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One woman's meal appears to have come to an abrupt and stomach-churning end after she found a cockroach in one of the dishes while dining at House of Seafood in Punggol.
"Disgusting! Almost [bit] into the food already!" wrote Kristine Giam in a Facebook post, which is accompanied by images of the insect in question lying alongside several pieces of dim sum.
She told Mothership that the incident happened on Oct. 19 at lunch time.
In her post, Giam said that as no manager was at the restaurant at the time, she was attended to by staff who did not have the authority to "make [a] decision".
"[They] only offer[ed] to waive the affected items after I requested. Almost half the food we didn't touch after the cockroach was found."
"I still [paid] the bill which includes service charge and tax," she added.
After deducting the affected food and items that were not served, the bill came up to S$42.60.
Giam said that as compensation for the ordeal, staff at the restaurant offered her a S$50 voucher, which she declined as she did not think she would visit the restaurant again.
Restaurant's owner says it didn't come from kitchen
Speaking to 8world, House of Seafood's owner, Francis Ng, apologised for the incident while suggesting that the insect had not originated from the restaurant's kitchen.
"Our kitchen is very clean, and the dim sum are placed in steaming baskets before being served, there should be no problem at all," said Ng, who speculated that the insect might have flown into the restaurant and landed on the plate after the food was served.
He also cited surveillance footage, which he alleged showed Giam arranging the contents of her plate for a photo opportunity.
Ng claimed that the customer had taken out the two remaining siu mai from the basket and put them on her plate, before finding a "good angle" in front of the restaurant's signage to take a photo of it.
Ng told 8world that Giam had asked for the entire bill to be waived after the incident and that when offered compensation for any medical expenses that may arise, she declined and instead asked for "a very large" figure.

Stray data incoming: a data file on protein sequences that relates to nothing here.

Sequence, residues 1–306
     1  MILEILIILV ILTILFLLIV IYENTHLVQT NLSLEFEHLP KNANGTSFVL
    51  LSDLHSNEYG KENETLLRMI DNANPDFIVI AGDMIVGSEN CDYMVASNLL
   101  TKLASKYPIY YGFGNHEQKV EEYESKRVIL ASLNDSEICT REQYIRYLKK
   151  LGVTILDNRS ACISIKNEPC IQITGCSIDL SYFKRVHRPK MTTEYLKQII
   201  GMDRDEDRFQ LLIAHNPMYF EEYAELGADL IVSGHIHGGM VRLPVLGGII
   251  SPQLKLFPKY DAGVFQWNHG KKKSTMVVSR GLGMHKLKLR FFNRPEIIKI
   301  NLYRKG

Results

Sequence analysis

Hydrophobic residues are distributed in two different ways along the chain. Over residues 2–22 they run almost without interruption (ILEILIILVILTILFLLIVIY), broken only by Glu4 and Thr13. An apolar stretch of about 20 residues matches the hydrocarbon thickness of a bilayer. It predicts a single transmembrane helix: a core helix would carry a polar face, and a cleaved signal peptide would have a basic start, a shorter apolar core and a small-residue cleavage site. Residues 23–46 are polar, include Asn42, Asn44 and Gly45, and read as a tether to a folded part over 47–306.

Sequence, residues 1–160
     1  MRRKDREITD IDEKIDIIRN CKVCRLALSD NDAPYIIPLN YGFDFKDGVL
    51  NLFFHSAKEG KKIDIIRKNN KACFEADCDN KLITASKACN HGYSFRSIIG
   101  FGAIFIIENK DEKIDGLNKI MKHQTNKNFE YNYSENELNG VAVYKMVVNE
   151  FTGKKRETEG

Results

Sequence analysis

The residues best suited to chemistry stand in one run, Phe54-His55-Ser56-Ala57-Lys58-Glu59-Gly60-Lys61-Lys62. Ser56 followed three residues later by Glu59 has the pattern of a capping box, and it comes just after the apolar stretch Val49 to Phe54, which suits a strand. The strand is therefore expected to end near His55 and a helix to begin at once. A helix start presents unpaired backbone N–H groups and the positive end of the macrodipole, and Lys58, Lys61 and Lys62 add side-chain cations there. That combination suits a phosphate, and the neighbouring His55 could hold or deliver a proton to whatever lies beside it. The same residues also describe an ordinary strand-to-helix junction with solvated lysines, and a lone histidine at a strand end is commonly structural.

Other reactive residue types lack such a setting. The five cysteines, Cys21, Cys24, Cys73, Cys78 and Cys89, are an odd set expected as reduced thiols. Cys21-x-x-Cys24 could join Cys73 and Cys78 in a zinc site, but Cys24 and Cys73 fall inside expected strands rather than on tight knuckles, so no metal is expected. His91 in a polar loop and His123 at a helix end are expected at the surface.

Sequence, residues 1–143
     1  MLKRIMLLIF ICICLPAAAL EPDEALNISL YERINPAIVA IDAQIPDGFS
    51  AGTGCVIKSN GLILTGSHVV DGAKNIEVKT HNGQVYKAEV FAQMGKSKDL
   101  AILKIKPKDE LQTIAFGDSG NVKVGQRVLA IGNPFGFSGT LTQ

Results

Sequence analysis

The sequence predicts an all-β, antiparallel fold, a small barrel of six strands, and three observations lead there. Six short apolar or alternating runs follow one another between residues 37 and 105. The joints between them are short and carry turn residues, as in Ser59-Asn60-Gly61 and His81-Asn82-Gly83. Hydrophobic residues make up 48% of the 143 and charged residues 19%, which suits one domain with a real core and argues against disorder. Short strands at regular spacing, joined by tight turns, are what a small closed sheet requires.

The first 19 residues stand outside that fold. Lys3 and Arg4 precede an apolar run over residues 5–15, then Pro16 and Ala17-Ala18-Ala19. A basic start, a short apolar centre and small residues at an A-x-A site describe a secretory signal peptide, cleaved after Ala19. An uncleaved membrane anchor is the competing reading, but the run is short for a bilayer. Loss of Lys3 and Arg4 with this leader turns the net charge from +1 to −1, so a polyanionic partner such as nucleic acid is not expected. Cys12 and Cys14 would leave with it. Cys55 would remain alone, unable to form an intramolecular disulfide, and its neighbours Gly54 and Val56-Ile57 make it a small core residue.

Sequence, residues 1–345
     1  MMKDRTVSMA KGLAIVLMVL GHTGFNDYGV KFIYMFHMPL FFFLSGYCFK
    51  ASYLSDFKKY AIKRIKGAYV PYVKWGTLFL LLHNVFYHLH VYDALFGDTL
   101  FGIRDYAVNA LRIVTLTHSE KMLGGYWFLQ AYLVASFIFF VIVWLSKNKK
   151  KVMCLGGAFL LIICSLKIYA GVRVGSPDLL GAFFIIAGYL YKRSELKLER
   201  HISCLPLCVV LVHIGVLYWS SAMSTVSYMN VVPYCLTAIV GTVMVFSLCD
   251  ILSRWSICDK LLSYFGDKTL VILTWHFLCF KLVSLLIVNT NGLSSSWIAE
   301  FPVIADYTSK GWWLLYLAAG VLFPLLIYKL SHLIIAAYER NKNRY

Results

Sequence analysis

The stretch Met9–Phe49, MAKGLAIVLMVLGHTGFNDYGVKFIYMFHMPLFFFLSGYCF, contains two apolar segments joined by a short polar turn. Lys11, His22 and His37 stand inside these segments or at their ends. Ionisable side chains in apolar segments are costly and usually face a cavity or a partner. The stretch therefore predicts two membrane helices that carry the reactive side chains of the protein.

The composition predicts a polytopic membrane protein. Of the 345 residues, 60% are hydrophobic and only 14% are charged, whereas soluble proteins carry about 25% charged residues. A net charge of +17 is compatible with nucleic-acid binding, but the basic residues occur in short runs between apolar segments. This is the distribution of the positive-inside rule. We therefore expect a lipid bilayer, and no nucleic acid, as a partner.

"[...] I couldn't accept it, she then said that she was going to make a complain. We eventually waived the cost of four dim sum items, including the siu mai."
However, Giam told Mothership that she did not ask for any compensation; "I merely ask for a waiver of my bill because we didn't eat the [leftover] food after we found the roach," she said.
As for the accusations of staging, Giam said that she had moved the siu mai to make sure that there were no other insects in the basket, and also that she could take a clear picture of the cockroach.
She said that the insect appeared to be dead and countered Ng's claim that it had flown in by saying that the cockroach did not have any visible wings.
The customer also told Mothership that she had made a complaint to the Singapore Food Agency (SFA) about the incident.
SFA: Food safety lapses detected
Responding to Mothership's queries, SFA confirmed they had received the feedback and that their officers had detected food safety lapses at the restaurant.
"Enforcement actions will be taken against the implicated food operator. We have reminded the food business operator to ensure good housekeeping and compliance to food safety standards at all times," said SFA.
Ng had also told 8world that the restaurant has since stepped up its hygiene measures, including increased cleaning, pest control twice a month instead of once, sending employees for a food hygiene course, and making sure that doors are tightly closed behind them to prevent insects from flying in.
Mothership has reached out to House of Seafood at Punggol for further comment.
Top image from House of Seafood at Punggol's Facebook page & Kristine Giam's Facebook page
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